It’s 12:30 on a Sunday morning, and the organ has just teed up the closing hymn. Lunch is eminent; one song to go. With a low, hungry growl, you peel yourself up from the pew, and begin to sing:
‘Holy, Holy, Holy, Lord God Almighty,
Early in the morning my song shall rise to Thee.’
‘Morning?’ you think to yourself. ‘It’s nearly 12:30.’ You’re so distracted by your growling gut that you don’t register the faint whiff of confusion as you sing, in a small, hungry voice: “God in three persons, Blessed Trinity!” Suddenly, you blink confusedly. God in three persons? How can one God be three persons? But within a nanosecond, you’ve decided that 12:35 is too late to tackle a question that has vexed Christians for nearly two millenia. After all, there is a great deal about it that we just can’t say!
In this post, however, I will suggest that there is actually a great deal to be said about the doctrine of the Trinity, and not (at least, not only) by the experts. The doctrine of the Trinity, after all, isn’t some esoteric reason for theologians to pull their hair out. The doctrine of the Holy Trinity is about the very identity of the God who invites us to know and love him. When it comes to handling the doctrine of the Trinity rightly, then, the critical thing is the desire to know and love the Triune God. In this post, we’ll look at five critical questions that have helped Christians through the ages better know and love the Triune God. We’ll focus on the more ‘metaphysical’ questions since these are precisely the ones rarely articulated in the idiom of loving and knowing the Triune God. (Just don’t proceed on an empty stomach!)
Here are the questions:
First, what is the difference between a substance and a person?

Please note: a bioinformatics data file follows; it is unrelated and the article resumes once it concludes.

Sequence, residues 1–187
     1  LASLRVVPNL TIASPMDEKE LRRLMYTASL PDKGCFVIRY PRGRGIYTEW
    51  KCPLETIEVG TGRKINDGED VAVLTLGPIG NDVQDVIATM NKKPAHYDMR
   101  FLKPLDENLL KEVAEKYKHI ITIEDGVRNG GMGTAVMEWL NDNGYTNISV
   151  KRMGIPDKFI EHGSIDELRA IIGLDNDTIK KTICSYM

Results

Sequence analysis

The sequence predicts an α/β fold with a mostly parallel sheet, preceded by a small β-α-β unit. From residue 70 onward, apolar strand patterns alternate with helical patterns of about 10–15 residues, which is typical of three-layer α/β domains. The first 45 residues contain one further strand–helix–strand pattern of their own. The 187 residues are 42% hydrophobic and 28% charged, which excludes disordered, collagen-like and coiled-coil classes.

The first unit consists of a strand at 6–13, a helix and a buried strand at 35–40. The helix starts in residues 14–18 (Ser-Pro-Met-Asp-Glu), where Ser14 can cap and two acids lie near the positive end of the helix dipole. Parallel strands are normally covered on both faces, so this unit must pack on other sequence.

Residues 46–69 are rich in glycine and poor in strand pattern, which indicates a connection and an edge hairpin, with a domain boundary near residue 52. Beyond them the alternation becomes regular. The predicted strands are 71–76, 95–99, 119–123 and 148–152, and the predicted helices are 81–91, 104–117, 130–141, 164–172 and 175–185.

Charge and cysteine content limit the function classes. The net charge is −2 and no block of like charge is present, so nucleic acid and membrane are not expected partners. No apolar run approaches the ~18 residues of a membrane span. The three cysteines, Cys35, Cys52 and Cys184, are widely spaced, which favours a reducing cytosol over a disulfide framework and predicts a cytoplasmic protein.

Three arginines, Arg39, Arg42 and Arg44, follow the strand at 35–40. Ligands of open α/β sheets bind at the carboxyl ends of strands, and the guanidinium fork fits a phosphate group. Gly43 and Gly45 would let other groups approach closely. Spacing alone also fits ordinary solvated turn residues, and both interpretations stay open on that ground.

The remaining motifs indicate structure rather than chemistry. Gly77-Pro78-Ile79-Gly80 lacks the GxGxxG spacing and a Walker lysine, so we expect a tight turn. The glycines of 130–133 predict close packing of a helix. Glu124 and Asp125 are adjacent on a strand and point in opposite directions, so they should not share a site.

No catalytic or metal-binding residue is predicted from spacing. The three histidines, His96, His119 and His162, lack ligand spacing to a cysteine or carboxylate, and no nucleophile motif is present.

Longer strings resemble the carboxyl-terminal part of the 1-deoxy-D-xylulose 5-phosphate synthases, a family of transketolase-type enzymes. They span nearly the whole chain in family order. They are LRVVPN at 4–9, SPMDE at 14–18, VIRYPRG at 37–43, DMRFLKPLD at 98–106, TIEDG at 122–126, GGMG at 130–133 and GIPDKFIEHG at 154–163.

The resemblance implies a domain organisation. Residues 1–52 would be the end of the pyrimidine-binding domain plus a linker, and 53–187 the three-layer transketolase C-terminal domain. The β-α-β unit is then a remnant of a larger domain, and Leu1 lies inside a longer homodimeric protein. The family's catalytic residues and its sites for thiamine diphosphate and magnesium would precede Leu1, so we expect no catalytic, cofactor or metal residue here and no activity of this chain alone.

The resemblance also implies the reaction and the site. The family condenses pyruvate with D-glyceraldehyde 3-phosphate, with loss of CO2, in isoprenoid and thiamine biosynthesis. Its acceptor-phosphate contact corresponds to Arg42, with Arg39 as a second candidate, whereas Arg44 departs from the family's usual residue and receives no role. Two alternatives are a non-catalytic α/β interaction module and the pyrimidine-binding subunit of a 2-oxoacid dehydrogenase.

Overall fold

Second, how ought we to speak of the Holy Trinity?
Third, what exactly is a person?
Fourth, does the term person apply to God?
Fifth, what does it mean to know and love the Triune God?
- First, what is the difference between a substance and a person?
If we don’t look at this question carefully, we risk veering off into one of many well-worn ditches of ancient heresy. Take, for example, two such historic heresies: modalism and tritheism (though this is more of a family of heresies). A good illustration of modalism, or the view that God only appears as different persons, is the analogy to a teapot pouring water into three cups, or the man with three different roles: father, son, and husband. On the other hand, there is the error of tritheism, which views each divine person as a distinct god. Here, the best illustration is the famous ‘three leaf clover’ image of St. Patrick. Both fail in the same respect: they fail to answer this question about substance and person properly. And the chances are, if we don’t look at the question carefully, we too will veer toward one of these positions (or another like them).